Flexible working – the future of work?

Neil Devons
Workplace Innovation Europe CLG

Remote working offers flexibility and I appreciate the work-life balance that comes with that”

Jess Scott, Founder of JessInk, Finland

Working remotely is not new but its practicality, necessity and wide-ranging benefits have been thrown into sharp relief because of Covid-19, which forced many to earn their living from their home environment.  Some significant employers – Linklaters, PwC and Nationwide, for example – have recognised the real benefits to be gained from allowing employees to choose where they work – and to create their own work schedules.

Organisations seeking to maximise employee engagement by empowering and trusting their people could be well advised to start with flexible working practices, leading to positive outcomes for workforces and business performance alike.

The list of benefits derived from flexible working is a long one, but there are drawbacks too.  On the positive side, studies have shown that it is a major factor in attracting and retaining top talent.  It improves diversity because it doesn’t limit recruitment to narrow geographic areas, and it underpins an organisation’s ‘green’ credentials by reducing commuting.

Researchers have also shown flexible working to be more agile, helping create a results-oriented culture and increasing individual commitment and productivity.  It can minimise micromanagement and increase participative decision-making when remote workers are granted wider access to data.

Less time is wasted, all parties concerned save money, and employers can even reduce overheads by downsizing their office space requirements.  Increased responsibility improves employee skill sets and makes them more capable of adapting to future change. Significantly, flexible workers are not only thought to be more engaged but are happier, less stressed and with higher morale. You can’t put a price on that!

So the question is this. If flexible working has become the default modus operandi with all the competitive advantages that it appears to create, then why has it taken a pandemic for more businesses to adopt it?

There is no straightforward answer, but a mindset mired in tradition and caution inevitably puts the brakes on innovative ways of thinking.  Some employers fret that if they can’t see what their employees are doing, then they are either doing nothing, doing the wrong thing or doing it poorly.  Care is required to provide opportunities for teams to plan and coordinate their work, and network security also has to be considered.

It is true that some roles such as client/customer facing positions are unsuited to flexible working arrangements, while others need consistent hours for ease of communication and certainty of contact.  It is understandable that some employees become frustrated by poor communications, the inability to pin down a remotely located colleague, and the resultant lack of collaboration.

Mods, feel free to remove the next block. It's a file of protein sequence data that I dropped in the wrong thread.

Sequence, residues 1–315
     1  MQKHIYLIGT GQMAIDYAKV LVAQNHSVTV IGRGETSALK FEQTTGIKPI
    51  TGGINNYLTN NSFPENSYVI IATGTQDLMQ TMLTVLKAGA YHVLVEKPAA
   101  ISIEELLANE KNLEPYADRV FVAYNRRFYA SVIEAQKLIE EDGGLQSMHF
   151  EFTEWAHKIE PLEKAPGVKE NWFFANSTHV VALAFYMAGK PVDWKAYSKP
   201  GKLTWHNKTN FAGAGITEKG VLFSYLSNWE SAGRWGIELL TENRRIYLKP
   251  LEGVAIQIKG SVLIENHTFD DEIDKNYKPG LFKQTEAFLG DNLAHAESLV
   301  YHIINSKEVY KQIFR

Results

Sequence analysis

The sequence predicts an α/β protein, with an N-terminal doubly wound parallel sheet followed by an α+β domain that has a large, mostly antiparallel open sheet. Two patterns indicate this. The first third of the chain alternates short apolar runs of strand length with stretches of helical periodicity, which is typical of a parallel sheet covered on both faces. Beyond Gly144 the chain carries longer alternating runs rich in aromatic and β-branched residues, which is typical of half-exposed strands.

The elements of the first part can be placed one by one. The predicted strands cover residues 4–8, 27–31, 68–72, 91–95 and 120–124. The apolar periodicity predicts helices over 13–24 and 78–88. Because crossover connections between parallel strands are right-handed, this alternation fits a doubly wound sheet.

For all the benefits of working from home, there are some potentially long-term repercussions for workplace well-being, including depression, anxiety, loneliness and perceived lack of support. These affect different people in different ways, and can be very hard to spot.

Reliance on video conferencing can diminish and underutilise the emotional intelligence that each of us uses to engage effectively with colleagues and create positive and supportive work environments. Without the interaction and buzz of the workplace, the vital stimuli and physical ‘cues’ that help to maintain engagement and order the day can be lost.  With no one to ’spark off’ and to generate new ideas with, a feeling of isolation can arise which leads to uncertainty and doubt about what you are supposed to be doing.  Social interaction in the workplace can and does give rise to serendipitous idea generation, while lack of it can dampen the creative edge which sets products or services apart from the competition.

Perhaps the answer lies in exploring the idea of ‘hybrid working’, doing your functional tasks at home or another chosen location while redesigning office times and spaces for interaction and creative thinking.

Changing the traditional model of work towards flexible or hybrid practices requires courage, curiosity and empathy from leaders. Now more than ever, such emotionally intelligent leadership is crucial in every type of workplace in order to maintain meaning, context and shared objectives across the workforce. Now, indeed, is the time to invest in real leadership development.

Workplace Innovation Europe CLG offers a range of ILM accredited courses addressing leadership and management development, people-centred change, group facilitation and coaching, internal communications and professional presentation skills, enabling highly effective jobs and teams, people-centred technologies and digitalisation, co-created leadership and action planning.

You can find out more here or if you want to have a chat you can always reach us at +44 (0)333 987 5116